StrongerTogether is concerned about her Loved One’s transition out of sober home. He seems to be running out the clock at the sober house, just waiting to resume his regular life. He sees “coming home” as a pass to pretend nothing ever happened. She needs help crafting a plan for his continued recovery once back home…
Yes, I could use your insight. My son is living in a sober house, commuting to PHP. He's been there 60 days after 30 days inpatient.
He is not engaged in treatment. Seems he is just 'running out the clock' until he can come home and resume his 'regular life'.
A drug test shows he stopped Naltrexone. He also is refusing to take the prescribed anti-depressant. He 'feels fine' his 'mood is good' and he 'doesn't need it' he says. This feels to me like pre-lapse behavior, or risky behavior.
It's difficult to use CRAFT rewards when he lives 90 minutes away and doesn't ask for anything. I'm paying for treatment and sober living but he would happily leave tomorrow if he had a place to go to.
I'm inclined to meet with him and his treatment team and draw up a treatment contract which includes the medication (and a pathway to return to his home city). He has never been to a 'meeting' or had SUD treatment here in his home city–when he left college for rehab it's been treatment/sober houses to three other states in two years.
His idea of 'coming home' is thus a magical treatment-free world like nothing ever happened. I feel the need to craft a plan that calls for him to transition back here via a sober-house, a local therapist, and a local sober network, meetings. etc. I'm encouraging him to visit for a day or overnight and attend a meeting here, to start building that network.
Maybe we can line up a case manager/sober coach to help navigate the transition (and help support his recovery over time). The treatment scape is so fragmented and this illness so pernicious and uneven that we families become de facto social workers without training.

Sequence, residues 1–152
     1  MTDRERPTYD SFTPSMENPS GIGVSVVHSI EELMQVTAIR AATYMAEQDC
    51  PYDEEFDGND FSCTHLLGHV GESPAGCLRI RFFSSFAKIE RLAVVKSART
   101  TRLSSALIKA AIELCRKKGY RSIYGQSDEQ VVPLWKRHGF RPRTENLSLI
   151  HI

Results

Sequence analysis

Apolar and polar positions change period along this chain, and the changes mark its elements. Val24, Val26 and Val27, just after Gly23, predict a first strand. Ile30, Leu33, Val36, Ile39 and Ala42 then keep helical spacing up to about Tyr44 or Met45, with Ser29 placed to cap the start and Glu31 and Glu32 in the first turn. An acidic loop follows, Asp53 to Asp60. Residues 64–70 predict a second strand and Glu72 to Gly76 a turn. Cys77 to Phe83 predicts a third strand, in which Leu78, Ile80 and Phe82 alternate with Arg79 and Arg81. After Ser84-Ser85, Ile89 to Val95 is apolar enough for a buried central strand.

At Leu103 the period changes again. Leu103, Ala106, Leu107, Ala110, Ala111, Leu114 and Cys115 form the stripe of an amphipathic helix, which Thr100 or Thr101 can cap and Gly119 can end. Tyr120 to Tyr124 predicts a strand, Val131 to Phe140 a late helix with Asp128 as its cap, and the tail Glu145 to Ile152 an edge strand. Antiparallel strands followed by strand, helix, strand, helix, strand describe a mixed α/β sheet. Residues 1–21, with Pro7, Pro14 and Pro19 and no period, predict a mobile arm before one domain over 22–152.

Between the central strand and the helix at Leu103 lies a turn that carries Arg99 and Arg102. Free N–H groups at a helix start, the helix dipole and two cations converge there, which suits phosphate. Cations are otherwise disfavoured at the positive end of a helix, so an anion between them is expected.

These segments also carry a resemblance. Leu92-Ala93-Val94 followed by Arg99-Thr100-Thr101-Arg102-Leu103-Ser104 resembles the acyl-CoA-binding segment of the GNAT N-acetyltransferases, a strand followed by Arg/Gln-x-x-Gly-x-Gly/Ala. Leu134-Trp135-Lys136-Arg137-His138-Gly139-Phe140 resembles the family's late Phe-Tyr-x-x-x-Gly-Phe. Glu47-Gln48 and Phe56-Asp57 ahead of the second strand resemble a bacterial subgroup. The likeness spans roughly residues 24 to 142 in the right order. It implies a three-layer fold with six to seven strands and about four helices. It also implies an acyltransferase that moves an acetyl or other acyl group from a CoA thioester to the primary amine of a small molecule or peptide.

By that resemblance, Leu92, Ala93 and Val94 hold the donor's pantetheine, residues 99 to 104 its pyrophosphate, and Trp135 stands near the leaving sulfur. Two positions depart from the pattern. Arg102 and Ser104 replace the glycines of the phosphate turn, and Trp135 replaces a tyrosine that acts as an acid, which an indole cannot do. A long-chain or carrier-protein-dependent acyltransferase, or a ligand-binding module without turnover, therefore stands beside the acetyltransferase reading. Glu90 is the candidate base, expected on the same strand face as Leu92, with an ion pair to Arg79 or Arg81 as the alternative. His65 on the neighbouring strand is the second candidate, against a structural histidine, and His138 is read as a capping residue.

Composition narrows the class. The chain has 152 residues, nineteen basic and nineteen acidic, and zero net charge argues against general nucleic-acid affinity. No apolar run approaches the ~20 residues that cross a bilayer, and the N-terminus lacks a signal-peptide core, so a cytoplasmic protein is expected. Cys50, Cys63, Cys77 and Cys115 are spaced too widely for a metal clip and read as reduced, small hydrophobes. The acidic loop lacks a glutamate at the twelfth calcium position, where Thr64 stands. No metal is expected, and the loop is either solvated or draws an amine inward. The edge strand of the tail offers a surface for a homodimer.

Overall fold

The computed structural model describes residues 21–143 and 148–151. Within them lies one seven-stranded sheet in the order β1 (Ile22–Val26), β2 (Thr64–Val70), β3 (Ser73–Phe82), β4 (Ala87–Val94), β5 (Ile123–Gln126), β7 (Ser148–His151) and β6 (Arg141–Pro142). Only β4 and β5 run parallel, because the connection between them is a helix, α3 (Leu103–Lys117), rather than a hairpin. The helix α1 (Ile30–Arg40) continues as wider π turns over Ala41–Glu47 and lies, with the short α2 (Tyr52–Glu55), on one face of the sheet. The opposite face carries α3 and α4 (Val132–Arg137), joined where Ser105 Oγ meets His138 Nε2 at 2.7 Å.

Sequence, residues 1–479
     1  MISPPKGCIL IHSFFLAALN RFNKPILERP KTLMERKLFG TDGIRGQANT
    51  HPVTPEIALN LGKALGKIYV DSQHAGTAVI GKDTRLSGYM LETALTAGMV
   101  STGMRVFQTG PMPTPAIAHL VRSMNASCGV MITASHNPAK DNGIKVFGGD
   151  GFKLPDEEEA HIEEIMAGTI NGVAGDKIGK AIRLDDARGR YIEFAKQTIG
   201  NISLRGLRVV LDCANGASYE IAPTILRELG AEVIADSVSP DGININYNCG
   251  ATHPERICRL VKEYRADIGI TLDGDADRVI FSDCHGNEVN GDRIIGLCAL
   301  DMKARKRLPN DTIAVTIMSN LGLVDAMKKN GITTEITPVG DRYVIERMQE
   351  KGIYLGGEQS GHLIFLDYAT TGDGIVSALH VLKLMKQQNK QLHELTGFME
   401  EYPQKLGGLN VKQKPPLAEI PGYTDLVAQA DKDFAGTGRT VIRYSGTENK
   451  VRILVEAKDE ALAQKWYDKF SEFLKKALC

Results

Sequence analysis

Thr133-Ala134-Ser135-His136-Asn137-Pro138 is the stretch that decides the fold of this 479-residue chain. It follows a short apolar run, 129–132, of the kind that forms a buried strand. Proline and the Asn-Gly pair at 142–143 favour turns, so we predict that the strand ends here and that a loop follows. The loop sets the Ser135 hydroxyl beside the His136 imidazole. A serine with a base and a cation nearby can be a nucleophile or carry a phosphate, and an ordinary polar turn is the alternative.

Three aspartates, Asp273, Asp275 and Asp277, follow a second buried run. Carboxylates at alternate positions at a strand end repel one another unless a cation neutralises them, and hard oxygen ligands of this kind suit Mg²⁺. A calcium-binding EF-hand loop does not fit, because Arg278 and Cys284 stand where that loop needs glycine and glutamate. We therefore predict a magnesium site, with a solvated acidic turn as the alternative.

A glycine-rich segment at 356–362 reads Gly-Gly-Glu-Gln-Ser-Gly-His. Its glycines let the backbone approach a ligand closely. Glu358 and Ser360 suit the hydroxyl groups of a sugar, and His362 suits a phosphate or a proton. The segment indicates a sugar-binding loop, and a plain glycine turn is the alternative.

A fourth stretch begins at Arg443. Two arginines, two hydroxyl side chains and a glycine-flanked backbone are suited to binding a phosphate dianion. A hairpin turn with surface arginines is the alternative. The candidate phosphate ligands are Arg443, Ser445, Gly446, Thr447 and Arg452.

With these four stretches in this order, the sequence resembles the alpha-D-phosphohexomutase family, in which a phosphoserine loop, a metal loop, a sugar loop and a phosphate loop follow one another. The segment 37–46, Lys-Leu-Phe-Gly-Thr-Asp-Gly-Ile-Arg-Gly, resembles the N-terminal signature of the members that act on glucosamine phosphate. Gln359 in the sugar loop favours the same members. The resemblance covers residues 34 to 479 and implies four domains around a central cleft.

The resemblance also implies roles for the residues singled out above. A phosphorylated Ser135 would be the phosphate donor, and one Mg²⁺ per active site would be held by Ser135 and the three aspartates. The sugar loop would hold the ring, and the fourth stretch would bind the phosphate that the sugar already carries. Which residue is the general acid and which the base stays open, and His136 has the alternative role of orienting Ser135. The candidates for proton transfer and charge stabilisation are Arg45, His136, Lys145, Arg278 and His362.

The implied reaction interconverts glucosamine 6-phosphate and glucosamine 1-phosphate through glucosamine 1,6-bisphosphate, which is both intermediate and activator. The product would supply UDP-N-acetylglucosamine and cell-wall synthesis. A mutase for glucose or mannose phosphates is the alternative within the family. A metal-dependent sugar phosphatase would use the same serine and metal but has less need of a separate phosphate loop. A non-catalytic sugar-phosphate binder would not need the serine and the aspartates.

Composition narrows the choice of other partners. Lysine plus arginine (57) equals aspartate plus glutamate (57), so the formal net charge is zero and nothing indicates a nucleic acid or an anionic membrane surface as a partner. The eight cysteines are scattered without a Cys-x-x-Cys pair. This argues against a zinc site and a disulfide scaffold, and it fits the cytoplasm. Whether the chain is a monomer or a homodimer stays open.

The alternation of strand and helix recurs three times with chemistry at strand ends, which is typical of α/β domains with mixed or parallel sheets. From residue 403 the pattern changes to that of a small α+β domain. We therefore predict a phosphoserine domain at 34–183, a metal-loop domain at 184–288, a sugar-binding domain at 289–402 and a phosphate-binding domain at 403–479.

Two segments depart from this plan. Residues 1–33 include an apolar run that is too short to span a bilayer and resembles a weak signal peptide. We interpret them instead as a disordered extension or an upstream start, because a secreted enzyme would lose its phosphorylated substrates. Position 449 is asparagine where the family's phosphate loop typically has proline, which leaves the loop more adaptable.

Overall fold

Yes, I completely agree. The family members are, in this system, de facto, untrained caregivers of individuals with a complex condition.
The first thing is to get him started on Suboxone before he leaves the sober house. Get him a link to a local clinic in the city to which he is being discharged. This is critical when you consider the laissez-faire attitude you are describing. (Some sober houses are not big fans of Suboxone. You may need to intervene here.) Your son is in danger of relapsing and overdosing. He could easily get the dose wrong now that he is opiate-free.
Is he definitely coming home? Is there a local halfway house or transitional house that could take him? Would he go to one of these if your home was not given as an alternative?
I’ve just finished a little search for case managers in my area. They are pricey: $125 to $300 an hour. Having a case manager does put someone in place between the family and the Loved One. Someone in this role can help with the linkages to treatment, self-help, and living arrangements. This person can help with decisions on material resource support, providing informed input as to when and what is wise to provide.
A contract is a good idea. He may not fulfill his end, but the conversation and expectations have at least been made clear. Look at the list of tabs to the right. We have written about returning to college and contracting. We have also thought through some of the ways that college can help.
Finally, yes, you are far from him and only able to speak to him by phone. Yet you did shift into new communication patterns with him when you spoke after the death of his roommate and he responded well to this. Even with the distance, you can still be CRAFTy.